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klitos

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About klitos

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  1. klitos

    Multi-user use

    While it's certainly possible to move the CCleaner menu folder to the All Users folder, there are some drawbacks (apart from the hassle of doing it.) When you install a new version of CCleaner, it may have a different set of shortcuts, and therefore you will need to move these to the All Users folder (possibly each time you upgrade.) Also, if you decide to uninstall CCleaner, you'll have to remember to remove the menu from the All Users folder manually, because the uninstaller will be looking for it in the current user's folder instead. Furthermore, if the CCleaner installs its shortcuts in the current user's folder, I am not confident that it will run properly by other (non-administrative) users. This is a problem I have with many software packages that I install on the machine: they won't run from a non-administrative account, and to fix that I have to go into its Program Files subfolder, and in its Registry key, and set the permissions to allow access by ordinary users. Good software shouldn't be like that. Klitos
  2. klitos

    Multi-user use

    Hi, Apologies if this has been discussed before (if so, please let me know.) Has anyone successfully used CCleaner in a multi-user system? I mean a family PC where I am the only user with administrative access, and everyone else has their own separate, normal (non-administrator) Windows user account. I haven't tried it, but I did notice that the installation only installs a shortcut in the current user's Start menu (instead of the All Users' menu) so I suspect CCleaner hasn't been developed with multiple users in mind. Cheers, Klitos
  3. As I understand it, this is actually held on Google's server, and not on your local machine. Gmail uses some clever Javascript. Javascript has no read access to any files on your PC (other than cookies.)
  4. That's nothing to do with Google. It's the autocomplete history, which is saved by Internet Explorer. CCleaner already does what you want, just select the Autocomplete Form History option. This deletes both your form inputs and your passwords. This is the caveat. You can also do the same thing in Internet Explorer, in the Internet Options dialog box choose the Content tab and click on the Autocomplete button. This gives you a finer choice than CCleaner. Unlike CCleaner, you can delete your plain-text form input history (such as what goes into the Google search text box) but keep your passwords saved. Klitos
  5. klitos

    Deleting cookies

    Hi Tarun, I agree with you that this feature is redundant, but then so is nearly all of the functionality of CCleaner. I am not exaggerating when I say that. Think about it. I don't have to use CCleaner to delete my cookies. That's a redundant feature, since I can delete them directly by going to the Cookies folder and deleting the cookies there. I don't have to use CCleaner to clean up my registry, as I can use RegEdit.exe for that. In fact, just about anything I can use CCleaner for, there is another way to do it. So why do I use CCleaner? It is because it can be more convenient that using other means. Convenience of operation is the key feature of this software. As it is, the cookie deletion feature is not very convenient for me. At the end of each day, I have about 100 new cookies, of which I want to keep about 2 or 3. That is 2-3 new cookies each day in addition to those I've saved from previous days. The current version of CCleaner does not make that easy for me. I have to scroll through a list of 100 cookies carefully looking for any cookies that I want to keep. Frankly, I can do that just as easily in Explorer instead, so what's the point of using CCleaner? It does not offer me the extra convenience. And remember, convenience is what CCleaner is all about. With my proposed 3 lists, about 95 of those 100 daily cookies will be in my "allways delete" list. This will leave me with 5 new cookies in my "unsure" list, from which it is very convenient to find and select the 2 or 3 new cookies that I want to keep. That convenience would make it worthwhile keeping CCleaner installed on my machine. I hope that explains my rationale better. Regards, Klitos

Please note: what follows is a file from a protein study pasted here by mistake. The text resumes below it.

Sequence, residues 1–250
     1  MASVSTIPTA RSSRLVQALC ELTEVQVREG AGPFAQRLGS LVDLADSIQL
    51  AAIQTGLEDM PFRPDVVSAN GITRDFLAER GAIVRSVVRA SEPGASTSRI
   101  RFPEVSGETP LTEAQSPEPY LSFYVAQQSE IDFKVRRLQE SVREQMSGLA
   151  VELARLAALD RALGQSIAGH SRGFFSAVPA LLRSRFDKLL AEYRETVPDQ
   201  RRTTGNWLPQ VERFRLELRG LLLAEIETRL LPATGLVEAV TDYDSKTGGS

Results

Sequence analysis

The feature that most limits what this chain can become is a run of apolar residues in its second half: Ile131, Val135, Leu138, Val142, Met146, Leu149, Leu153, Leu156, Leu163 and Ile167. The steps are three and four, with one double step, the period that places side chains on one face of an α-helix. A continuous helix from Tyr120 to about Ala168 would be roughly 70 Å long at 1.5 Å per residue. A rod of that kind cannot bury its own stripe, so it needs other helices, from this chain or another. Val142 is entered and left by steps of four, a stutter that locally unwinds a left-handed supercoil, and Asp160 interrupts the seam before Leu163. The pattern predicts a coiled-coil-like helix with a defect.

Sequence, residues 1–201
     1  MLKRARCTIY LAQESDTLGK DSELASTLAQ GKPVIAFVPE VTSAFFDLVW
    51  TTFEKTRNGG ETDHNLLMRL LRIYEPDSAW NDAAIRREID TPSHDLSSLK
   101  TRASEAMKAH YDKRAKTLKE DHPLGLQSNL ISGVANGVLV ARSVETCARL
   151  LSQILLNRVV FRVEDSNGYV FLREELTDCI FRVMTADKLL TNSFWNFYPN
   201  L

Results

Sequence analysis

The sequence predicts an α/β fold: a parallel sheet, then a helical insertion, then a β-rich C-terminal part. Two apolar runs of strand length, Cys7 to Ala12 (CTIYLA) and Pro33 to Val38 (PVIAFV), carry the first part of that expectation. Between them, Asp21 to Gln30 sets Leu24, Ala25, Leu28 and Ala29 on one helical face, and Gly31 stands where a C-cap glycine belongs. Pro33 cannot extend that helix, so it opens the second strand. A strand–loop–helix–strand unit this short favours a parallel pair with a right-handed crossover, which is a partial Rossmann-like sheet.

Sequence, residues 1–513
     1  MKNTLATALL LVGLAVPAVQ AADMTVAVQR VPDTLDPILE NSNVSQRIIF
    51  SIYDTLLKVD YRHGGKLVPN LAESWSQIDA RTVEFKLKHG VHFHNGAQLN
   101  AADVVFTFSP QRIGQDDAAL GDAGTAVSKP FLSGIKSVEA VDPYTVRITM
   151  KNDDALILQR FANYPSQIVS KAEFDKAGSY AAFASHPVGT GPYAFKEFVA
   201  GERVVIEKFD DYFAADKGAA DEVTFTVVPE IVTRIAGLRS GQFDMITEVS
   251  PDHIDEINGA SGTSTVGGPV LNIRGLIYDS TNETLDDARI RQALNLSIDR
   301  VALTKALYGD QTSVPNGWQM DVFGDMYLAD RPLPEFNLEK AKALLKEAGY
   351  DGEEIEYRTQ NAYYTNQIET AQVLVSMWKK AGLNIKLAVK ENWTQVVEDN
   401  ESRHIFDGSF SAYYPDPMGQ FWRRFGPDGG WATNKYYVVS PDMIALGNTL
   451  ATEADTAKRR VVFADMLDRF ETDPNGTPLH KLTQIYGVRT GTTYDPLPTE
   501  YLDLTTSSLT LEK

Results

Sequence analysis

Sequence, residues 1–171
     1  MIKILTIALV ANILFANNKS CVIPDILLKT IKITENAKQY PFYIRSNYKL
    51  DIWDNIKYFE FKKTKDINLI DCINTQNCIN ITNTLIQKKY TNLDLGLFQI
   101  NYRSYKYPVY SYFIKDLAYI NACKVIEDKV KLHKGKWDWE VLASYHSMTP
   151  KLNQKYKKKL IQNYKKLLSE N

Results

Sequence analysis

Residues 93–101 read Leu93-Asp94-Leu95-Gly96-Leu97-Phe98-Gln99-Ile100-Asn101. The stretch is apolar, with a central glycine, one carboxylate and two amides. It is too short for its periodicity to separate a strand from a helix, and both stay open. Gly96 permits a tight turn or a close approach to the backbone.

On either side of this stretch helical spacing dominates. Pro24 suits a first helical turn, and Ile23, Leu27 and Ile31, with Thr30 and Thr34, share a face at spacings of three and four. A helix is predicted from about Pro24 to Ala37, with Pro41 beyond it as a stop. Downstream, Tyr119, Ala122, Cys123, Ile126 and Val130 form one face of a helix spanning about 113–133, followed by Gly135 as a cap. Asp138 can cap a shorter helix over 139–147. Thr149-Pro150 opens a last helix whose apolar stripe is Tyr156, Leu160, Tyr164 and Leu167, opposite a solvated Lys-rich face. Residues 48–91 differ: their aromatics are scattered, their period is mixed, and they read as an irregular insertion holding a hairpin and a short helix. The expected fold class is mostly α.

6. klitos

    Deleting cookies

    Yep, and that's exactly what I would like to change. Cookies that I wanted to keep but got deleted because I didn't spot them among the 100 or so other cookies that I wanted deleted.
  7. klitos

    Deleting cookies

    Hi, I am a new user and I would suggest a change to the way cookies are selected for deletion or keeping. At the moment, the Options->Cookies form displays two lists. On the right-hand side is a list of URLs you've selected to keep. On the left are those cookies currently on your PC, which will be deleted unless you move them to the right-hand list. I would prefer to have three lists: an "always keep" list, and "always delete" list, and one that show the currently stored cookies that you have not yet selected whether to keep or delete. You could also have a group of three radio buttons to specify what to do with this list: delete, keep, or prompt. The reason I think this would be an advantage is that, after a browsing session, I would like to select a few cookies to keep. However, it is very difficult to find them among all the crap cookies from advertisers etc. With my suggestion, you would always have all these doublelick.net etc. undesirable cookies in your "always delete" list, so your "currently stored" list is smaller and easier to pick your wanted cookies among them. Cheers, Klitos
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